Louis XIII Cognac sponsored a movie written by and starring Malkovich that won't be released for a full century, in honor of the 100 years it takes to make each bottle of Louis XIII. They locked the finished film in a time-locked safe that won't reopen until November 18, 2115. This will also be the date of the film's premiere, to which 1,000 people around the world received an invitation to pass down to their descendants in order for them to attend. Or at least to wait 100 years before realizing "Ah shit, that's tonight? I worked til, like, 7:20 and I'm kinda tired. Next century though!!"
It is on-the-nosedly titled 100 Years, and it's described (by Malkovich) as a "terrific, emotionally-charged" film. Hopefully it's loaded with lots of razor-specific references from 2015 to baffle the Rodriguez great-grandchildren. Is there an extended Left Shark dance sequence set to "Take Me To Church?" Guess we'll have to wait and preserve our brains in jars that're hooked up to movie-watching software and see!
Not to be outdone, Pharrell Williams has also recorded a song called "100 Years" for the Louis XIII project and sealed that up for a century. That way, the people of 2115 can experience the same thrill that we all would today if we got to hear some unreleased ragtime song from 1918 by a musician historians are vaguely aware of, and that's also an ad integration. Really, the best of all worlds here.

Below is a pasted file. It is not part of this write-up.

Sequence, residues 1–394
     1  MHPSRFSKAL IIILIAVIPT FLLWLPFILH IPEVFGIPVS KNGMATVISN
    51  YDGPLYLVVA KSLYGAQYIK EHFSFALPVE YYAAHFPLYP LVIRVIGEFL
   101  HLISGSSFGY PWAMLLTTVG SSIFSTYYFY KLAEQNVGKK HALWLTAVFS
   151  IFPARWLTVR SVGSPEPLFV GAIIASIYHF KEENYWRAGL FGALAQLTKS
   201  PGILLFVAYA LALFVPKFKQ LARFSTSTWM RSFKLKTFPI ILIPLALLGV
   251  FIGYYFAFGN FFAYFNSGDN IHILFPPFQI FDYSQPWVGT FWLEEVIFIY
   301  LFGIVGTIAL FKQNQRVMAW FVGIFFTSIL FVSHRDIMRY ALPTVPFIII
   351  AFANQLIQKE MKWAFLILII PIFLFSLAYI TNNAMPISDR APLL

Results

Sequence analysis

Get Ready For An All-New Tintin Comic ... In 2052
When Herge, the creator of Tintin, died in 1983, he gave his express wishes that there not be any more Tintin comics created after his death. And his publisher, Casterman, has agreed to honor his wishes ... until the year 2052, when they're planning to release an all-new Tintin comic.
Why such a specific year? Because Tintin enters the public domain in 2053, at which point it'll be legal for anyone to publish their own comics about the Belgian kid reporter and his dog battling pseudo-antisemitic stereotypes in turn-of-the-century opium dens, which the people of 2053 will assuredly be craving in the aftermath of World War IX.
So the publisher's not waiting forever, just long enough for anyone with any tangential fondness for the Tintin character to die out before cashing in on the dead author's legacy, which is probably what Herge secretly wanted. Casterman hasn't chosen a creative team yet, but they will keep an eye on some creative up-and-coming toddlers once the 2030s roll around. The comic will most likely be released in physical form, digital form, and also being beamed straight into everyone's cerebral cortexes to induce experiential "5D" seizure dreams (the most popular format of media in 2053).